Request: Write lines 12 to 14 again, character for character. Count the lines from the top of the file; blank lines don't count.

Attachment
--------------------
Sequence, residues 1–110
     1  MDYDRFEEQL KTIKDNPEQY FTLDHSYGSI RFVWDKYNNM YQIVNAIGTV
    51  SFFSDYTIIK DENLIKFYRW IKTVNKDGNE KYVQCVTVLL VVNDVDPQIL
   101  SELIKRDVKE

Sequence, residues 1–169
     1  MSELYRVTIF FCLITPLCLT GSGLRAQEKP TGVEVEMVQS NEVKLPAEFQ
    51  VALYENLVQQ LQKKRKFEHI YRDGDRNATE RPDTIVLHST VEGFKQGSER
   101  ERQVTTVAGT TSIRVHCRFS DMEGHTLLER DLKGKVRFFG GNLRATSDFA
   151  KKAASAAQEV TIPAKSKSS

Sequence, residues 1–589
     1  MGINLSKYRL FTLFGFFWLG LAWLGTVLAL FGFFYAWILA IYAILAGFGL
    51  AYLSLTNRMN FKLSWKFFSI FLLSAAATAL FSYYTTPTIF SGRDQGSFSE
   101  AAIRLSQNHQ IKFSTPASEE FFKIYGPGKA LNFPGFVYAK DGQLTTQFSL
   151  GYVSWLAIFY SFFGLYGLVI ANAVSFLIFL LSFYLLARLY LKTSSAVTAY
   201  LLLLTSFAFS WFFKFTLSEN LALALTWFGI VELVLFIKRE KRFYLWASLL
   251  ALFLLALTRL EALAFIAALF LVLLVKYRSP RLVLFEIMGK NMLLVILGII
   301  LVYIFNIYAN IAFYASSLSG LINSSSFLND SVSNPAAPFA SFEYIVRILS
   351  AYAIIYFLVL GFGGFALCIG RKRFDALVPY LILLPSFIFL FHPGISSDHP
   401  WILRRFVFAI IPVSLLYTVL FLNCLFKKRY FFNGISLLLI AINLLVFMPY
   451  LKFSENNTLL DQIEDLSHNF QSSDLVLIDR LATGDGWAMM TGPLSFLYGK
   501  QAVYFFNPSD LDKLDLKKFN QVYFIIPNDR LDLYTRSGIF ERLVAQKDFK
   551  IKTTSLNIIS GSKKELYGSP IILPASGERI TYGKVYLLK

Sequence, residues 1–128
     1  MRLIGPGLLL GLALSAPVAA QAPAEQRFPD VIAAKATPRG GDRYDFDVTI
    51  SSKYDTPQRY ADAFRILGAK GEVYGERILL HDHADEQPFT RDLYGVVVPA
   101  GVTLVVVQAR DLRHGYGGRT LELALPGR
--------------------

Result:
    51  AYLSLTNRMN FKLSWKFFSI FLLSAAATAL FSYYTTPTIF SGRDQGSFSE
   101  AAIRLSQNHQ IKFSTPASEE FFKIYGPGKA LNFPGFVYAK DGQLTTQFSL
   151  GYVSWLAIFY SFFGLYGLVI ANAVSFLIFL LSFYLLARLY LKTSSAVTAY